CFR Presents

Asia Unbound

CFR experts give their take on the cutting-edge issues emerging in Asia today.

Posts by Category

Showing posts for "U.S. Foreign Policy"

“Toughest Sanctions Ever”: UN Security Council Resolution 2321

by Scott A. Snyder
The United Nations Security Council votes to approve a resolution that would dramatically tighten existing restrictions on North Korea at the United Nations Headquarters in New York March 2, 2016. (Reuters/Brendan McDermid) The United Nations Security Council votes to approve a resolution that would dramatically tighten existing restrictions on North Korea at the United Nations Headquarters in New York March 2, 2016. (Reuters/Brendan McDermid)

The UN Security Council (UNSC) unanimously passed Resolution 2321 condemning North Korea’s fifth nuclear test, conducted on September 9, 2016. The resolution builds on Resolution 2270 passed by the UNSC only nine months earlier in response to North Korea’s fourth nuclear test by imposing even tougher restrictions on North Korean maritime and financial activities, misuse of diplomatic channels for commercial purposes, and restrictions on North Korean trade. On paper, UNSC 2321 essentially calls upon member states to place North Korea under economic quarantine unless it reverses course on nuclear development. Read more »

Podcast: The Origins of the American Alliance System in Asia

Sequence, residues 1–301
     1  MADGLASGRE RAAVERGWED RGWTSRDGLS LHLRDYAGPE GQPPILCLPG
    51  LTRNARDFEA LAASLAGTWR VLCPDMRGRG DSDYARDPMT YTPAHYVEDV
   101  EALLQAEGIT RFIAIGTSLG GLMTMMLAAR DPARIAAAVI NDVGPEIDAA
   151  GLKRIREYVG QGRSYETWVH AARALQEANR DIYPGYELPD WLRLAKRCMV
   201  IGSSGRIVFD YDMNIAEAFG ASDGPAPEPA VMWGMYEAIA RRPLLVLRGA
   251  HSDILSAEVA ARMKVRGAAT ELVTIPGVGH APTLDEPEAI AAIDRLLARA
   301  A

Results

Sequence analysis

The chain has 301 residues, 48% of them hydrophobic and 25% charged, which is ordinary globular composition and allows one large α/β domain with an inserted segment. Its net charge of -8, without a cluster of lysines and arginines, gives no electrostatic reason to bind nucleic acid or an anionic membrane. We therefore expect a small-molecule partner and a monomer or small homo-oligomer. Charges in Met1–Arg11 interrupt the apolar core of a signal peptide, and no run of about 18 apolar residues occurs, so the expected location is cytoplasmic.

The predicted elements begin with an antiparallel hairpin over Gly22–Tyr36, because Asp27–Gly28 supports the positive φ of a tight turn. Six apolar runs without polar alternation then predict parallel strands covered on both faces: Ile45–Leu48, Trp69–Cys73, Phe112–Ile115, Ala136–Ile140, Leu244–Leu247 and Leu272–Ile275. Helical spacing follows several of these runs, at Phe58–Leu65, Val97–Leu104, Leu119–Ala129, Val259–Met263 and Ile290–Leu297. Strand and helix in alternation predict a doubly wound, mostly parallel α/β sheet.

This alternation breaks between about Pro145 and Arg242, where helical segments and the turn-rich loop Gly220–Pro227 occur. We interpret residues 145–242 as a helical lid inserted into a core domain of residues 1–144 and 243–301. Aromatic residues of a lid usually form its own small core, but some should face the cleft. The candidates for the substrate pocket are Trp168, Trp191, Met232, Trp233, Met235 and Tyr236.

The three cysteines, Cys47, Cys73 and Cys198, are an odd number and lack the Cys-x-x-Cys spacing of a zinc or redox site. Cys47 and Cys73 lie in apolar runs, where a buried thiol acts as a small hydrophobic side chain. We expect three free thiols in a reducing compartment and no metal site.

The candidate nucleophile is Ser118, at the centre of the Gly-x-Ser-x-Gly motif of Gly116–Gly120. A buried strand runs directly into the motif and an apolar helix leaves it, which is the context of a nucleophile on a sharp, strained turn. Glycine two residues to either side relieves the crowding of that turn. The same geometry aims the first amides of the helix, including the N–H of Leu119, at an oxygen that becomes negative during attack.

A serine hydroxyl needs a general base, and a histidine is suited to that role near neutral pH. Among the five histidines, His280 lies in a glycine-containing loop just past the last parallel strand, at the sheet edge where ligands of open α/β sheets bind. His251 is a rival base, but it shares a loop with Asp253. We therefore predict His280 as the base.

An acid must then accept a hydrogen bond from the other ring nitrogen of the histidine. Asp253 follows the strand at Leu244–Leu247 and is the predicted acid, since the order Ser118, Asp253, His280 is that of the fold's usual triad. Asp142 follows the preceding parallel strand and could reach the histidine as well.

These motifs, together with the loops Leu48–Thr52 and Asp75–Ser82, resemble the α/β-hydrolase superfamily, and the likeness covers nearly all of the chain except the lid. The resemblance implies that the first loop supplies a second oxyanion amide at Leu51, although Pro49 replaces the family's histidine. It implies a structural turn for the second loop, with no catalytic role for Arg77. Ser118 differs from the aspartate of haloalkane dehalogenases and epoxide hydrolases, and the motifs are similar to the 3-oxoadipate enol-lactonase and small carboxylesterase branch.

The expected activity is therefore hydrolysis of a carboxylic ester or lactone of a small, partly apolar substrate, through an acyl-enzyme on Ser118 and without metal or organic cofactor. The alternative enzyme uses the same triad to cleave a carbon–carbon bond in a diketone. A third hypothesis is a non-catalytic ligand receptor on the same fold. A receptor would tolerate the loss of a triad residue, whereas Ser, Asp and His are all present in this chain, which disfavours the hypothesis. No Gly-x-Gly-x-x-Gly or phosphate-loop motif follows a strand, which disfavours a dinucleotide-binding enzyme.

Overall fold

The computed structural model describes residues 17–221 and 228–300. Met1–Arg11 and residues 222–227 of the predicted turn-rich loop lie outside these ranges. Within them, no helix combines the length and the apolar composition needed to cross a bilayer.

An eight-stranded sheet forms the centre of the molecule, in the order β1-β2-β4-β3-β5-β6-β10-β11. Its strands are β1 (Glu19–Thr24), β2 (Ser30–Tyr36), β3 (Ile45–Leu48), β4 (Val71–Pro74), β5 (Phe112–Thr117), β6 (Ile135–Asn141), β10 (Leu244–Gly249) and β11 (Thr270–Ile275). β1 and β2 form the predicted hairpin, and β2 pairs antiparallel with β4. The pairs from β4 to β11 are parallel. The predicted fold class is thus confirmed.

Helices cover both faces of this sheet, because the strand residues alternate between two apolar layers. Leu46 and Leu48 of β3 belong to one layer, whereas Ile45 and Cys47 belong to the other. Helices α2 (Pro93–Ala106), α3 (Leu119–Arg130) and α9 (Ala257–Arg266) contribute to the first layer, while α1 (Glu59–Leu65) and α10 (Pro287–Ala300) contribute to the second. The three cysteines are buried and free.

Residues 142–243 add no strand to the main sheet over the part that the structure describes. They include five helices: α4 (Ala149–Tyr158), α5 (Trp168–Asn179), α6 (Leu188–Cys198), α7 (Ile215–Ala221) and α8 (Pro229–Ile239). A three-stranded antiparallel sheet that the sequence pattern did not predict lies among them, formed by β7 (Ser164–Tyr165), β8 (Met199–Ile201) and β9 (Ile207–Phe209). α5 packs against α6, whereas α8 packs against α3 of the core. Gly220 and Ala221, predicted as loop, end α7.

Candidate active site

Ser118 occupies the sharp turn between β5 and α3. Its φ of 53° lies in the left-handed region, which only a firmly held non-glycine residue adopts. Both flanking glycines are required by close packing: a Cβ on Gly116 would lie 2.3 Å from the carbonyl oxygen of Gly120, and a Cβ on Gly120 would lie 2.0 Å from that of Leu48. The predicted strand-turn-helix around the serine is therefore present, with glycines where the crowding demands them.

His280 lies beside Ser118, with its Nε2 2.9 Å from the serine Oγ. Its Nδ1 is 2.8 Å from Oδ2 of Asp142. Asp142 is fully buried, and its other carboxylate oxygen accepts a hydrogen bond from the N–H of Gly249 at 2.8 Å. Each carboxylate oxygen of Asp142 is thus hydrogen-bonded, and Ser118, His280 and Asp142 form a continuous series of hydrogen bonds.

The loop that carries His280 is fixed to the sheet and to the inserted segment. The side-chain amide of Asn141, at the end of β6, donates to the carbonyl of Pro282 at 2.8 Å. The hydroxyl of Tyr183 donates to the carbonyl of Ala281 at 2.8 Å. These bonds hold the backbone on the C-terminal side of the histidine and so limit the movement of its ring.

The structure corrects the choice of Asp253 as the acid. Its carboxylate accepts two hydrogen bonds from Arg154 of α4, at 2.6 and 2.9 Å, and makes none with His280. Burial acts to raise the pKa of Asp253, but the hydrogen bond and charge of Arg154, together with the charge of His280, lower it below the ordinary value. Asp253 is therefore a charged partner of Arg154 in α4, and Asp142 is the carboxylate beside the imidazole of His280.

by Elizabeth C. Economy
U.S. and Japan Self-Defence Force's soldiers listen a speech by U.S. President Barack Obama during his visits at Iwakuni Marine Corps Air Station, enroute to Hiroshima, Japan May 27, 2016. REUTERS/Carlos Barria U.S. and Japan Self-Defence Force's soldiers listen a speech by U.S. President Barack Obama during his visit at Iwakuni Marine Corps Air Station, enroute to Hiroshima, Japan on May 27, 2016. (Carlos Barria/Reuters)

Harvard Professor Joseph Nye once said that “security is like oxygen: you do not tend to notice it until you begin to lose it.” Alliances also often function like oxygen, with the security and stability they provide going underappreciated argues Victor Cha, the director of Asian studies and D.S. Song-Korea Foundation professor of government and international affairs at Georgetown University. Read more »

The Trump Transition, the South Korean Leadership Quagmire, and North Korea’s Opportunity

by Scott A. Snyder
Officials move a sign of Republican U.S. presidential nominee Donald Trump after a U.S. Election Watch event hosted by the U.S. Embassy at a hotel in Seoul, South Korea, November 9, 2016. (Reuters/Kim Hong-Ji) Officials move a sign of Republican U.S. presidential nominee Donald Trump after a U.S. Election Watch event hosted by the U.S. Embassy at a hotel in Seoul, South Korea, November 9, 2016. (Reuters/Kim Hong-Ji)

As a seemingly personality-driven, rather than policy-driven, Trump transition unfolds in the United States and Park Geun-hye’s scandal-ridden political crisis deepens with no clear end in sight in South Korea, North Korea under Kim Jong Un is comparatively a bastion of stability and fixed strategic purpose. But Pyongyang may have far more capacity as a source of instability than as an exploiter of uncertainty in Washington and Seoul. Read more »

Making America Great is Like Making a Great Hotel

by Elizabeth C. Economy
A cyclist passes the construction entrance to the Trump International Hotel in Washington September 1, 2015. The iconic Old Post Office building is being transformed into a luxury hotel by presidential hopeful Donald Trump. REUTERS/Kevin Lamarque A cyclist passes the construction entrance to the Trump International Hotel in Washington on September 1, 2015. The iconic Old Post Office building has been transformed into a luxury hotel by President-Elect Donald Trump. (Kevin Lamarque/Reuters)